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Tricks to learn to shoot with both eyes open when hunting

Is it good to shoot with your eyes closed? maybe not. This may be the way they teach you to shoot, but is it really good? Some people claim to be more precise. Others think that the target is easier to find. That’s right

Is it good to shoot with your eyes closed? maybe not. This may be the way they teach you to shoot, but is it really good? Some people claim to be more precise. Others think that the target is easier to find. That’s right

If we think for a minute under stress and strain, our body will undergo many physical and chemical changes. Our nervousness, heart rate and respiratory rate increase. Our hearing ability and our tunnel vision gradually weaken.

When shooting from a distance, closing one eye can even cause facial fatigue and the eyes fatigue faster so that you cannot see subtle changes and cannot reach distant targets.

Open your eyes

Opening your eyes to the face can help you better judge how far away an object is. / Photo: Ángel Vidal.

Opening your eyes to shoot allows you to use the field of vision around you and better understand what is happening around you. If you can’t see the surrounding environment, you may miss out.

Shooting with your eyes open first can be challenging or even strange

Human beings have binocular vision and our brain can process two images and convert them into one. When we bring the rifle sight closer to our eyes, the brain imposes two images on it, and you will see two images, one crosses the marks, the other is further away and the clarity is worse. But with practice, you can get your brain and eyes used to seeing two images clearly without double vision.

Find your dominant eye

If you are not sure which eye is dominant, it is difficult to shoot with your eyes open. The conjecture is very simple.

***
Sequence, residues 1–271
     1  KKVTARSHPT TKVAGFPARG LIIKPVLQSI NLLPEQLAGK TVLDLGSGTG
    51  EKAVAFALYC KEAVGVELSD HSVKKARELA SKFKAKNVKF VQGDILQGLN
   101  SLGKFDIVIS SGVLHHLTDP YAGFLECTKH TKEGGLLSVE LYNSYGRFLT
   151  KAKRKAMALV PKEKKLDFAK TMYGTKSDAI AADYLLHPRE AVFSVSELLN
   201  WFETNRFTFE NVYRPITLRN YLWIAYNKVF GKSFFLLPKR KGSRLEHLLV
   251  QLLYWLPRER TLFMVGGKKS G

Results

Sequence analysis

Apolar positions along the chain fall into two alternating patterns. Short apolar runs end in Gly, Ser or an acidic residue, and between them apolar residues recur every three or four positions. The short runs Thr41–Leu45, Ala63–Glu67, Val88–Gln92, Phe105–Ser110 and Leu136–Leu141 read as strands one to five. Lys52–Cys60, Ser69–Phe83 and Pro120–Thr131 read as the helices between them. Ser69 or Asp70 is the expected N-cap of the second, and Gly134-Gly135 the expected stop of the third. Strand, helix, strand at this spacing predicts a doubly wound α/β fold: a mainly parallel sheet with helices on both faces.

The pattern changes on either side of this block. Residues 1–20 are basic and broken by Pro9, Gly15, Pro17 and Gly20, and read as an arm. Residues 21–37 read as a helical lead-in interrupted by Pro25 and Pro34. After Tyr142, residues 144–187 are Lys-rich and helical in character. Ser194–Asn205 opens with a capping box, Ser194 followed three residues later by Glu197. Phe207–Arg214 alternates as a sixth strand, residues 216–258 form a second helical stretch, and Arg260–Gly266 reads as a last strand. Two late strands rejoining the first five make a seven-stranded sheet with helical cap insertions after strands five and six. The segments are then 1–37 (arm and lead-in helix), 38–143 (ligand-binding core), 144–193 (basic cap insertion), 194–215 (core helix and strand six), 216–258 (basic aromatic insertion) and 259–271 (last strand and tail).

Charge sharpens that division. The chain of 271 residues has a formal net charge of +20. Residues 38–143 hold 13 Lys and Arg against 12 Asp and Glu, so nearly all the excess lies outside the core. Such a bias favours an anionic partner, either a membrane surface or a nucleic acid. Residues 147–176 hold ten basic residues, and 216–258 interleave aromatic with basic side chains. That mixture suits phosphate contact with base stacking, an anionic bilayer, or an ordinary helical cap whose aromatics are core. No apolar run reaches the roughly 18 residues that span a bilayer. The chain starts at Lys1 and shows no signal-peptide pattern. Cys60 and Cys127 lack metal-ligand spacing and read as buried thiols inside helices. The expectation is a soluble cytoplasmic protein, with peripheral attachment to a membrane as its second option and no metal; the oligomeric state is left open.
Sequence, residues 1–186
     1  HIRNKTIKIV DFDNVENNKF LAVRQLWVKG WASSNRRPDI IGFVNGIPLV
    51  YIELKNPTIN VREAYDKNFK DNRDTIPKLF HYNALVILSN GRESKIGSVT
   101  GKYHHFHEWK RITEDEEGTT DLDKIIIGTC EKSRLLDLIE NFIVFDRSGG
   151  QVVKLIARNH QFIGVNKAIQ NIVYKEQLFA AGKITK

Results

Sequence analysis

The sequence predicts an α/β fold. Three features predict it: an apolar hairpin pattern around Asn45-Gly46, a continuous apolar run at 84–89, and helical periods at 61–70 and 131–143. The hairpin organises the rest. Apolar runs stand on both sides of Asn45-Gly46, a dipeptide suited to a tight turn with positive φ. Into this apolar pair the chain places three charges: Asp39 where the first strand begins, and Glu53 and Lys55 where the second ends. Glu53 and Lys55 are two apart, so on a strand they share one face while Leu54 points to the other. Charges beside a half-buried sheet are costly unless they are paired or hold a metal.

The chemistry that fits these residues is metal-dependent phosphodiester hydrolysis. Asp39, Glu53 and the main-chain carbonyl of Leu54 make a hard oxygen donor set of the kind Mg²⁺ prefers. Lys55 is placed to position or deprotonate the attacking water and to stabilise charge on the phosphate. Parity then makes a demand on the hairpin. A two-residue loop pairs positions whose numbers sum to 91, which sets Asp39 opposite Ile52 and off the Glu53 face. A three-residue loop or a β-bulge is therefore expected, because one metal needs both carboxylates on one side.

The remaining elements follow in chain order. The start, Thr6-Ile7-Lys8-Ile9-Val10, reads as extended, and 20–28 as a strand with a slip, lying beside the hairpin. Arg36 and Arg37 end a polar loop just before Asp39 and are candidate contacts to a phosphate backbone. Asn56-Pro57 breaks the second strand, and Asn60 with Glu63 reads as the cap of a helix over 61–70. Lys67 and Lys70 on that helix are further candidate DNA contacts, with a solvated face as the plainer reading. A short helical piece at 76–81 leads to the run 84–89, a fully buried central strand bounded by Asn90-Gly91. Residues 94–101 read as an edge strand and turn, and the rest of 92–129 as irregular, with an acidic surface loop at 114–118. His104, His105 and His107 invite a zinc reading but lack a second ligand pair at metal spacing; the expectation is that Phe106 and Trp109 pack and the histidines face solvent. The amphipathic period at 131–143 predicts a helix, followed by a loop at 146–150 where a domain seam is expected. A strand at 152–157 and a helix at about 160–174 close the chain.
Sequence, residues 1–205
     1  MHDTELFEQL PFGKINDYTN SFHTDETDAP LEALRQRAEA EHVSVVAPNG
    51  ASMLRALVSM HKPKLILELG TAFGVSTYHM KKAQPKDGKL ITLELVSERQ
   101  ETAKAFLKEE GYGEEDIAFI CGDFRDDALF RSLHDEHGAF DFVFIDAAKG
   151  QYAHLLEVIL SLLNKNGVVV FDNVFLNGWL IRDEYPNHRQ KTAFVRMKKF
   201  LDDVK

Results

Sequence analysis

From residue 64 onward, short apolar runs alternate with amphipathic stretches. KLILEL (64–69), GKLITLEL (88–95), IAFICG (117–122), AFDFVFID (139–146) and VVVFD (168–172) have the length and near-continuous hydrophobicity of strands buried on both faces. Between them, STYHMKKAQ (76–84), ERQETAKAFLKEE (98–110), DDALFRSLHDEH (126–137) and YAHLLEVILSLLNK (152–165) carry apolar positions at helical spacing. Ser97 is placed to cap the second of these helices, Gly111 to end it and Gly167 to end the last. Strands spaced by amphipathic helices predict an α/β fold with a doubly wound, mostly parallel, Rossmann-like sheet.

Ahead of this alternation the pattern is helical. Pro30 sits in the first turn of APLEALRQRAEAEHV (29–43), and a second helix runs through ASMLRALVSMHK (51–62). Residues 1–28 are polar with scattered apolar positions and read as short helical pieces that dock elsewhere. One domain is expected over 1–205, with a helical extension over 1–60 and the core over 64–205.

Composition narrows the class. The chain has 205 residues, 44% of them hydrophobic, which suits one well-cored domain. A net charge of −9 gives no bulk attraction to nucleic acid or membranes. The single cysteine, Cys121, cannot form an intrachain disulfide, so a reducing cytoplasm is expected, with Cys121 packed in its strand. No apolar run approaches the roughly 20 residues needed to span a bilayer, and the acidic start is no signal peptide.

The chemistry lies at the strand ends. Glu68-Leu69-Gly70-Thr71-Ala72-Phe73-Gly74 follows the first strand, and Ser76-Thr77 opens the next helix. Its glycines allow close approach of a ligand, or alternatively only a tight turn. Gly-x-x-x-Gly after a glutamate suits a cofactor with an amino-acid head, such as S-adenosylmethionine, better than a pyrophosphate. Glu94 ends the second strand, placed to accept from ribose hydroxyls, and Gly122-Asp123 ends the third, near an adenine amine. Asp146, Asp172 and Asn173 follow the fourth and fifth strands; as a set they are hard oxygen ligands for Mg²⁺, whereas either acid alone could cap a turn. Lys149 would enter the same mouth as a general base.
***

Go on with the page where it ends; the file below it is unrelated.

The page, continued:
Pick a point on the wall about 5 meters from you. Place your hands in front of your face with your palms facing out to create a triangle between your thumb and other fingers, as shown in the attached image. Look closely at the hole formed and then move your hand towards the face.
When it reaches your face, your hand should cover one eye and the other eye should see through. The one who is not covered is the dominant one.
Once you know what your dominant eye is, take some time to practice and develop your memory to keep both eyes open.

Darken the vision of the non-dominant eye

One of the obstacles many shooters encounter is that non-dominant eyes naturally focus their attention on the surrounding environment. When both eyes try to focus close points at the same time, some people will experience a binocular phenomenon, which obviously does not lead to precision.

In shooting competitions, a popular trick is to cover the lenses of the glasses with a piece of transparent tape to match the non-dominant eye. This way, they can open their eyes and enjoy the benefits, but at the same time prevent the non-dominant eye from focusing on the target.

Discreet blinking

If you’re still having trouble, a very simple thing that can help you is blink while aiming. For some reason, it is as if the eyes “reset” and focus on the target that was in focus before blinking. It really works.